Beckett wanted the piece to “work on the nerves of its audience, not its intellect” and stipulated that it should be emitted at “the speed of thought”. Dwan’s 9 minute performance is the quickest on record. The woman’s plight is grotesquely tragicomic: having spent most of her isolated, loveless life mute, she now finds herself the victim of relentless verbal diarrhoea. Listening to Dwan’s unbelievably breakneck, manic Irish-accented gabble is like watching a non-driver trapped at the wheel in a hurtling vehicle with no brakes. The actress, though, is in prodigious control of the material. The woman’s recurring denial that she is the subject of her third-person narrative – “what?…who?…no!…she!” escalates, to just right degree here, in desperate, teeth-baring insistence. [Read More]

Lisa Dwan talks to The Guardian

Lisa Dwan’s dressing room. Photograph: Tristram Kenton for The Guardian

Lisa Dwan talks to The Guardian about her dressing room, and how she prepares for her performances:

My dressing room is a bit of a sanctuary. It’s where I take my anxieties, my sleep and my prayers. It’s a kitchen, a dining room and a meeting place. Everything happens there.

Not I is only nine minutes long but it requires a lot of preparation every time. I arrive at the theatre about three and a half hours early and before every show, I’ll do a line-run or two, a vocal warm-up, at least half an hour of meditation and then eat early enough to digest my food. The last thing you need is a burp building up!

It took ages to find the right black makeup, because it can’t be light reflective. I use a matt grease eyeliner and a thick, grease eyeshadow. On top of that I wear a black eyemask and a pair of tights over my head, then I’m harnessed into a head brace. My neck goes all the time and I’ve got a hernia from doing this show. I’m a dancer, so I’m used to pushing my body through pain thresholds. I’ve been on a mission not to be ill. Hence all the over-the-counter meds. It’s not like I’ve got an understudy. [Read More]

Walter Asmus talks to The Economist

Walter Asmus directs Lisa Dwan during rehearsals. Photo: John Haynes.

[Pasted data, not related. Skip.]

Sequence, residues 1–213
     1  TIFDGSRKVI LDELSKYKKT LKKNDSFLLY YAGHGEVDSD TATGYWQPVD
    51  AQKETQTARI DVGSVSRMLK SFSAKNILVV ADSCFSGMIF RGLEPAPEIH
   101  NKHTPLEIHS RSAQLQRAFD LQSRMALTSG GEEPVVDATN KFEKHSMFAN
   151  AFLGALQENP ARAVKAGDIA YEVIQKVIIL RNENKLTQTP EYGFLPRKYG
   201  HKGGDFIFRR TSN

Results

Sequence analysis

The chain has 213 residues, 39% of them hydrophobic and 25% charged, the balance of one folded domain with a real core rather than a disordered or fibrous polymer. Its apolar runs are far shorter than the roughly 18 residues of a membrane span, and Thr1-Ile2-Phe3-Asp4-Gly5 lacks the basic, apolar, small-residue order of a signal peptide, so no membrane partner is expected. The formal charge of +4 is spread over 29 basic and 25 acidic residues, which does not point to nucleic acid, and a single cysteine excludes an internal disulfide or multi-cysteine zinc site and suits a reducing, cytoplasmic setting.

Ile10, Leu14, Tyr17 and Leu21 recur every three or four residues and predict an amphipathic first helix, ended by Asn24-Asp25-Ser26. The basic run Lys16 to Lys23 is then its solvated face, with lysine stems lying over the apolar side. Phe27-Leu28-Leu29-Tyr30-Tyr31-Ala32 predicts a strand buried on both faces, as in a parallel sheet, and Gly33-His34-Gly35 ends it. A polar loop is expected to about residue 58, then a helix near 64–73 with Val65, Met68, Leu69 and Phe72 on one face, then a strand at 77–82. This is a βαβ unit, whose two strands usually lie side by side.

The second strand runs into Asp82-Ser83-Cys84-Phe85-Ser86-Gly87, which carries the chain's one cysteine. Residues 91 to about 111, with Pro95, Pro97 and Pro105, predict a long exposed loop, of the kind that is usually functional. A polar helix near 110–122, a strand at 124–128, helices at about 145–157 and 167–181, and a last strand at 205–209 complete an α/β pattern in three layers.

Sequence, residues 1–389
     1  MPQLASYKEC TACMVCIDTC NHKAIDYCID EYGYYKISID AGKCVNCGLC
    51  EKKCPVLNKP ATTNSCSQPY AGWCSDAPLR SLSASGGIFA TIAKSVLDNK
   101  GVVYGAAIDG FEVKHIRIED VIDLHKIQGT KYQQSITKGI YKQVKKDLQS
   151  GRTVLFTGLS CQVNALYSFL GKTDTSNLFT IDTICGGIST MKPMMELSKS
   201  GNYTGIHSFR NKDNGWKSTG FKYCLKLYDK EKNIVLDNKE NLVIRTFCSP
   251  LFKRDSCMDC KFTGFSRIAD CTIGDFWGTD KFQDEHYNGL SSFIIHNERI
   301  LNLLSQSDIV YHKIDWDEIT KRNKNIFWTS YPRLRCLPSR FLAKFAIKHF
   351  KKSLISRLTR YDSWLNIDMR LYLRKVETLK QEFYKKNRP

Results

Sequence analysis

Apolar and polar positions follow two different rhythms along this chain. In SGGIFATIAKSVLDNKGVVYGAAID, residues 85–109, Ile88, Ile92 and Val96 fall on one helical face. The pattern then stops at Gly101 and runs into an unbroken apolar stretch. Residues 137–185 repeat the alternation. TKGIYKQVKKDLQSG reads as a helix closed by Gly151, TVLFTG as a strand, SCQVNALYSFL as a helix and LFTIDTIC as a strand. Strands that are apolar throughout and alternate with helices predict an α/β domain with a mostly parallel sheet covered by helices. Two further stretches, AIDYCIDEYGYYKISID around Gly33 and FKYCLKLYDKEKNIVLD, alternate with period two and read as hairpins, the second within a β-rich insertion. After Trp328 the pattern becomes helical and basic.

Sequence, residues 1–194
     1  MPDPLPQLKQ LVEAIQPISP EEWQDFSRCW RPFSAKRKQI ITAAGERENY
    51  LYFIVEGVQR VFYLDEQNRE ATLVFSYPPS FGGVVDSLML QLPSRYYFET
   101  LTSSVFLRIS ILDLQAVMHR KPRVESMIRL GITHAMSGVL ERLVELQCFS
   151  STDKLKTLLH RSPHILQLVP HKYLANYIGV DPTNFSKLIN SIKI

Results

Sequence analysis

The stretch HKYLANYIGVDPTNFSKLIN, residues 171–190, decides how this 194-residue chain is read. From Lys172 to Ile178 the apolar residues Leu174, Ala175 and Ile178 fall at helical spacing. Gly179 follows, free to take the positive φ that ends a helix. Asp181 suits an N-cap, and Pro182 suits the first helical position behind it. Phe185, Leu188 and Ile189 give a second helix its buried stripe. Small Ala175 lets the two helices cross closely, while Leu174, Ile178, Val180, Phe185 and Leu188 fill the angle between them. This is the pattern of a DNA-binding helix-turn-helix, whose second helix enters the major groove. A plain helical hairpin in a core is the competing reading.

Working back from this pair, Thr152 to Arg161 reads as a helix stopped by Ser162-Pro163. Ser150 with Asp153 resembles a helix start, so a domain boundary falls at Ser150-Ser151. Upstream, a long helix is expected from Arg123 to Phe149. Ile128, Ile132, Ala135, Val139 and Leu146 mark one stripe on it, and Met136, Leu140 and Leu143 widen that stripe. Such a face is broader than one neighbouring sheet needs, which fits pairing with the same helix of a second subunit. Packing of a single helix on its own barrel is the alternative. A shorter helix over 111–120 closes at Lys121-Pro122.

Director (and friend of Beckett’s) Walter Asmus talks to The Economist about working with Lisa Dwan on the late plays:

A 73-year-old German living in Berlin, Mr Asmus was told last year about an astonishing nine-minute version of Beckett’s “Not I” performed by an Irish actress, Lisa Dwan. (Its most famous performer, Billie Whitelaw, used to do it in 14 minutes.) Ms Dwan has been delivering “Not I”, in which memories of childhood and other strangled thoughts are spat out by ghoulishly lit lips in otherwise complete darkness, since 2005. But she had hopes of doing a fuller Beckett programme, and after she had met Mr Asmus, the Royal Court asked him to direct her in two other “dramaticules”, as the playwright called his shorter late pieces, to be put on with “Not I”.

So audiences at the Royal Court also got to see “Footfalls”, in which Ms Dwan plays May, pacing up and down in dialogue with her mother, and “Rockaby”, in which another spectral woman in a rocking chair listens to the musings of perhaps her own ghost. All three plays are being revived from February 3rd for 14 performances at the Duchess Theatre. [Read More]

The sold out show is playing at the Duchess Theatre in the West End for a limited run, 3-15 February 2014.

Posted by:Rhys Tranter

Rhys Tranter is a writer based in Cardiff, Wales, UK. He is the author of Beckett's Late Stage (2018), and his work has appeared in the Times Literary Supplement, The Spectator, and a number of books and periodicals. He holds a BA, MA, and a PhD in English Literature. His website is a personal journal offering commentary and analysis across literature, film, music, and the arts.